By Arathi Devandran @miffalicious
You know how They (yes, Them, They who apparently know everything) say that we always end up like our mothers, no matter how much we think we won’t? In my younger, more naive days (when I was about 10?), I used to be absolutely appalled at this thought.
What, me becoming like my momma? My momma, who cleans about 563 times a day, 365 days a year? My momma, who is stricter than all the adults I knew put together? My momma, who has a crazy obsession with all things leafy and green? My momma, who is clearly not cool because she is Much Older?
Pish posh. Never. No way. Nuhhuh.
Fast forward to about 10 years later, where I catch myself talking to the myriad of plants littered around my living space. Where I have instilled the same type of fear in my students that my momma instilled in me, (when I used to teach). Where I hover my room at least 3 times a week minimum, because the sight of anything suspicious (read: dirt) frustrates me.
So it was happening then. I was becoming my momma. And you know what, it doesn’t seem all that bad. Actually, it’s pretty brilliant. Because as I grow up, as I become A Proper Adult, I realise that it’s not all that terrible being like my momma.
In contrast, now I have a different type of fear. And that is that I won’t be half the woman that my momma is. This is the woman who worked round the clock for me when I was younger. Who taught me that being a woman was never anything to be ashamed of. Who couldn’t cook very well, but made sure I had the best food in the world anyway (we used to go over to my grandmother’s place, and be filled with home-made goodness). Who wouldn’t appreciate my papa giving me money on the sly to get yet another book to read (“why don’t you just go to the library?”), but would slip an extra tenner into my pocket anyway.
This is the woman who battled with cancer and never lost her spirit. Who shaved her head and still strutted down the streets of my very conservative city completely bald, proud and triumphant. Who didn’t gawk when vein after vein collapsed from continuous chemotherapy sessions. Who warred with pain, who hid her watery eyes and grimaces behind smiles, and who never complained. Ever.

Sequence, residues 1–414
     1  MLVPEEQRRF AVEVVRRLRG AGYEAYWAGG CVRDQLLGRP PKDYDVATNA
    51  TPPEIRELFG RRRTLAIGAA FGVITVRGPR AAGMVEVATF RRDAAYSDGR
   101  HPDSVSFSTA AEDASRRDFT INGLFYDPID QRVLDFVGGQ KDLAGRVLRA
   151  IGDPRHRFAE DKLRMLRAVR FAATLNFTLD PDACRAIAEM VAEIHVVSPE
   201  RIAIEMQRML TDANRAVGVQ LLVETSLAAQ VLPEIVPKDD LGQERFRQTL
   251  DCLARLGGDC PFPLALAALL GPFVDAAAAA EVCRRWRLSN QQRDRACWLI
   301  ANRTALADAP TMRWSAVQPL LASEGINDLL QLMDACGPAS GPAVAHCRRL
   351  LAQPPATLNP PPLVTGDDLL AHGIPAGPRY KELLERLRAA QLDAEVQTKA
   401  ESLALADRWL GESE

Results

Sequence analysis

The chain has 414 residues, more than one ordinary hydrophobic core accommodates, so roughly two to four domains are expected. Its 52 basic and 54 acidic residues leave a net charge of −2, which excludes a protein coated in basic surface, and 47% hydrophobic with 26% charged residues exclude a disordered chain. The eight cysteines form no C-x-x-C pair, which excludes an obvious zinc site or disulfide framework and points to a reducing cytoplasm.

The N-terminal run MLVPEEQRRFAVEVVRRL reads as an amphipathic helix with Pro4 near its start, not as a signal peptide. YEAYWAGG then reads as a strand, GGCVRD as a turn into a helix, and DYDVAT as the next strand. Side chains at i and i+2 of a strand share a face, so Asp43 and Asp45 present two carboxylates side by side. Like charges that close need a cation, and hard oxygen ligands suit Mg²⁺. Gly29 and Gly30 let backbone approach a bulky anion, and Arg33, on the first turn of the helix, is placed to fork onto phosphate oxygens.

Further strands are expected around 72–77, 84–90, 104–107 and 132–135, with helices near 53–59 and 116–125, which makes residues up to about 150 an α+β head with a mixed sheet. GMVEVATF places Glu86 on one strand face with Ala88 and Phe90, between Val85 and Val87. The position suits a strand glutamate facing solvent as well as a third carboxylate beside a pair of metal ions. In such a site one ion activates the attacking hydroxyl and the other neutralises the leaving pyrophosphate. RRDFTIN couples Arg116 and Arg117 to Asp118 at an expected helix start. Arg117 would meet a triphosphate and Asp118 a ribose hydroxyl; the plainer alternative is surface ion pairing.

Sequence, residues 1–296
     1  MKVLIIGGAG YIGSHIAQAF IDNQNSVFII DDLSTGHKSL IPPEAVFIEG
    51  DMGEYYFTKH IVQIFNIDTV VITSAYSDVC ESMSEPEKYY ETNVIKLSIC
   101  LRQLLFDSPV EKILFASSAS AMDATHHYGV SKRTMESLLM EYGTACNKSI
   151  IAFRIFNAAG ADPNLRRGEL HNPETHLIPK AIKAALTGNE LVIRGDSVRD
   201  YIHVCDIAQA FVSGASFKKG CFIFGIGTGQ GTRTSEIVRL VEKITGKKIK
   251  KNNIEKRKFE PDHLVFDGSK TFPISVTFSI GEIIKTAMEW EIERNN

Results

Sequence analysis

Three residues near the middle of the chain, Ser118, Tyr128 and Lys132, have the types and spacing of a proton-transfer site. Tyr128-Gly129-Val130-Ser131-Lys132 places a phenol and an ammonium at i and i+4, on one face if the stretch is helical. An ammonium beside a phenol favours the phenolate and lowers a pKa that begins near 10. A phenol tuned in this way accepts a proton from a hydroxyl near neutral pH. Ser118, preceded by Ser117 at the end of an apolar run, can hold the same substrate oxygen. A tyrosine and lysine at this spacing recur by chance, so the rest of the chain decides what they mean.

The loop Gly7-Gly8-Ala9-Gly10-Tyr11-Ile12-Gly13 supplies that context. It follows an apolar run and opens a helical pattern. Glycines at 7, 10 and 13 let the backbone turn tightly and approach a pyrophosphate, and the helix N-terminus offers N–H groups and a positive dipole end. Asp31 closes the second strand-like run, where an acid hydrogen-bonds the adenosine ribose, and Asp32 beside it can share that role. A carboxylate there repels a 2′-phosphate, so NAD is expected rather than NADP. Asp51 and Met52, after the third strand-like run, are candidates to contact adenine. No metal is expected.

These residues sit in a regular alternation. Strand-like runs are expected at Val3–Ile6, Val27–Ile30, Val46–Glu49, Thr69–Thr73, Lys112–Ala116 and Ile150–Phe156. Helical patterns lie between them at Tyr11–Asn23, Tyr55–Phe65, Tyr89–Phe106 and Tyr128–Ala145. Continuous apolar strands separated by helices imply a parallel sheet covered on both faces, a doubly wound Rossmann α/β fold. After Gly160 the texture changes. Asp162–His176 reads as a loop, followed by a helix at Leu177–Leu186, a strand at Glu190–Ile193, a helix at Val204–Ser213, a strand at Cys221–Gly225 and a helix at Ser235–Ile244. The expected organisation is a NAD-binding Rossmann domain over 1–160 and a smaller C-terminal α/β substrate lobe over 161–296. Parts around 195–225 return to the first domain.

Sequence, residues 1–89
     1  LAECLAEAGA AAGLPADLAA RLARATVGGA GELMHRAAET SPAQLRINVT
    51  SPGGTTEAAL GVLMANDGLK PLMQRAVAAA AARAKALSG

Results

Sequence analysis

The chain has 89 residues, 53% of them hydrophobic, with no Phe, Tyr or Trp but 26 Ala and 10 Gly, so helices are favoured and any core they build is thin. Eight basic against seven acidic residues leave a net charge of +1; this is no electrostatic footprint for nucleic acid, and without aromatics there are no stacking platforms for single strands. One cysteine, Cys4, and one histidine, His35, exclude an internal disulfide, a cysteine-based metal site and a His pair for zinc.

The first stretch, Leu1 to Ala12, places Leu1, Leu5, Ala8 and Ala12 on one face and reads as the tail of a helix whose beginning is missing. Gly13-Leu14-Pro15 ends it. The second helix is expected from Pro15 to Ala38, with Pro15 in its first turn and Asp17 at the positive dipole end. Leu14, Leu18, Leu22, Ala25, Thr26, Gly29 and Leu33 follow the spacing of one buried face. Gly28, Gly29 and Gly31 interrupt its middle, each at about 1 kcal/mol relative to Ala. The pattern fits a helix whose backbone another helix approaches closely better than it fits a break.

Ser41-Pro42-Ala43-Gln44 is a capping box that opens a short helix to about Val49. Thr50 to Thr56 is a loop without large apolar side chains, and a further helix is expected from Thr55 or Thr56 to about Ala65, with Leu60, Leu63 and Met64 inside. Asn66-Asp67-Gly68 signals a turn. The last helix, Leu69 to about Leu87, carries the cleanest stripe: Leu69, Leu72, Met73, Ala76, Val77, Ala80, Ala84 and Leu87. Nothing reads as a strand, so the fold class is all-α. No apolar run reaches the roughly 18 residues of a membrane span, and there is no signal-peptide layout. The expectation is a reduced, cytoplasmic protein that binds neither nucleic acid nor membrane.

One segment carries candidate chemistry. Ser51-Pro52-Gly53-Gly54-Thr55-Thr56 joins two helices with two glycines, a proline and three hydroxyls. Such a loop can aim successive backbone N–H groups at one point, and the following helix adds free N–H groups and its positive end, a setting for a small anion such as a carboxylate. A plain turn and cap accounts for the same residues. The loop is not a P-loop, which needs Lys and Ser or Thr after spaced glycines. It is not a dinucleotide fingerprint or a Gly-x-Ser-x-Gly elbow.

Yep, that’s my momma. Can I be half the woman that she is? Frankly, I don’t think so. I personally don’t think I can ever reach her standards, and in a way, I’m thankful for that.
Thankful, because that means I constantly have something to work towards. That there’s always room for improvement. On the days when I don’t think I can do something, or on the days when I get too consumed by my Trivial Young-Adult Problems, I remember all that has happened in her life, and know that there is much, much more for me to experience out there.
Thankful, because as her daughter, there are certain expectations of myself that I want to live up to. So momma, if you’re reading this (and by momma, I mean to all the lovely mommas out there), a very happy Mother’s Day. You are the reason that as a daughter I (and I presume, many others) have hope for a better future and greater growth. Though you may be annoying in some occasions (let’s keep things real, here), there’s really no other way that I’d have it.
So thank you for being you, and thank you for giving me an important facet of my identity – of being your daughter.
Thank you, and Happy Mother’s Day, again.
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